Goldschmidt2017: Meet the bloggers (1/2)
We’re now just a few days away from the start of the 27th Goldschmidt Conference on geochemistry. More than 4000 delegates from over 50 countries across the globe will be polishing their presentations, wrapping their posters, packing up their suitcases, and getting ready to board planes, trains and automobiles destined for the enchanting city of Paris in France.
Goldschmidt 2017 is sure to be as exciting as ever, with 200 sessions across 23 themes playing host to a staggering number of posters and oral presentations, not to mention the wide variety of workshops, field trips, and early career events on the programme. Highlights this year include the launch of Goldschmidt Wild Orbit Cinema, Tuesday lunchtime’s Pop-Up talks, plenary talks from Matthieu Gounelle, Paul G. Falkowski, Hélène Langevin-Joliot, Laurie Reisberg and Shuhei Ono, and opportunities to enjoy some fine cuisine, listen to some music, or dive into some French culture and history at one of the many social events on offer.
Over the next couple of days, we’ll be introducing you to this year’s team of Goldschmidt bloggers, who’ll be keeping you up to date with all the latest happenings in Paris. Our seven intrepid bloggers—Deirdre Clark (University of Iceland), Martin Mangler (Imperial College London/Natural History Museum London), Sami Mikhail and Claire Cousins (University of St. Andrews), Clare Stead, Tadhg Dornan and Foteini Drakou (Trinity College Dublin)—will be roaming the seminar rooms and corridors of the Palais de Congrès, tramping the streets of Paris, snaking their way around the social and student events, and chatting to delegates of all forms and flavours, to bring you daily news, posts and tweets from across the conference.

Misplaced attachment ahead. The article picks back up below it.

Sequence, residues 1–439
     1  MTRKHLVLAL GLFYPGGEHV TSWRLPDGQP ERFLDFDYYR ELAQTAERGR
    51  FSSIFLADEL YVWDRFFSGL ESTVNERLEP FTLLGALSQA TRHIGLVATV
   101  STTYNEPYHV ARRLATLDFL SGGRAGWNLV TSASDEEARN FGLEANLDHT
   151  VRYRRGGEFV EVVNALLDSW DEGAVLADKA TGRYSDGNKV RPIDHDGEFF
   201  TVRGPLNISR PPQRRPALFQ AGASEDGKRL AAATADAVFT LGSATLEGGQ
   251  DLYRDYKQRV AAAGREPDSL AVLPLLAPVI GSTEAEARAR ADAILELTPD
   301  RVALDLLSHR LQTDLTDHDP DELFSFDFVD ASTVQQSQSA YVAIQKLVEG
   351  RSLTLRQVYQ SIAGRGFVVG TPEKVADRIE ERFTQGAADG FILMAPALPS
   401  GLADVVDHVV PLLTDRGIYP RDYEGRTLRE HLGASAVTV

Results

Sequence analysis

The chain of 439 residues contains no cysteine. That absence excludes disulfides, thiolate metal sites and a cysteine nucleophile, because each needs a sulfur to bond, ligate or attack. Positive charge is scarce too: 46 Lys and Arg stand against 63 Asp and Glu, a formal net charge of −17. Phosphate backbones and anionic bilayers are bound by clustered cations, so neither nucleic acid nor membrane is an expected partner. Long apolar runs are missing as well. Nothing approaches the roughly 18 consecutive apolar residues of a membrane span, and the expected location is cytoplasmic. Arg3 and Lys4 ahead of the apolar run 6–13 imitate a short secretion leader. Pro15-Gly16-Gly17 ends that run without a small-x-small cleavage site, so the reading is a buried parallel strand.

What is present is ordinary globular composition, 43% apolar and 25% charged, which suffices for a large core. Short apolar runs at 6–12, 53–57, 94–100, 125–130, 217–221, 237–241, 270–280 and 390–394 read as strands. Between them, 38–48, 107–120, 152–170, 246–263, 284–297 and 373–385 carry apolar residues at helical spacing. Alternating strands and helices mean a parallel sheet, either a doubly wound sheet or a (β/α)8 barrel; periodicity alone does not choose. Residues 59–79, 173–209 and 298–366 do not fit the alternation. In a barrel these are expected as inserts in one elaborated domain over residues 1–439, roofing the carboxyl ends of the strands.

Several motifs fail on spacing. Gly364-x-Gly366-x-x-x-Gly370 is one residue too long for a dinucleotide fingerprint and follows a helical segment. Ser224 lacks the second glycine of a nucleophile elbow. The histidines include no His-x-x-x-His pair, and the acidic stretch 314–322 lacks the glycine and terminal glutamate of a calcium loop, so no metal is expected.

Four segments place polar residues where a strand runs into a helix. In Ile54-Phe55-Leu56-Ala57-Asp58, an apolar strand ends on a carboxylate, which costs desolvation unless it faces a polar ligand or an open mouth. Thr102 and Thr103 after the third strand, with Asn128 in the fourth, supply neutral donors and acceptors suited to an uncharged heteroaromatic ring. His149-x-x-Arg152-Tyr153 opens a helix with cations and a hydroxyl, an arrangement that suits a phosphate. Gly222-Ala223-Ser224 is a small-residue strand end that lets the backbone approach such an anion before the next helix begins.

To give you a taste of what’s to come, here are a few words from the first four of our bloggers, Deirdre, Sami, Tadhg and Clare.
Hello Everyone! I am a final year PhD student at the University of Iceland studying carbon storage in basalts. Originally from the United States and Canada, I completed my master’s degree in hydrology and geochemistry at Utrecht University (NL) and then moved to Reykjavik in 2014.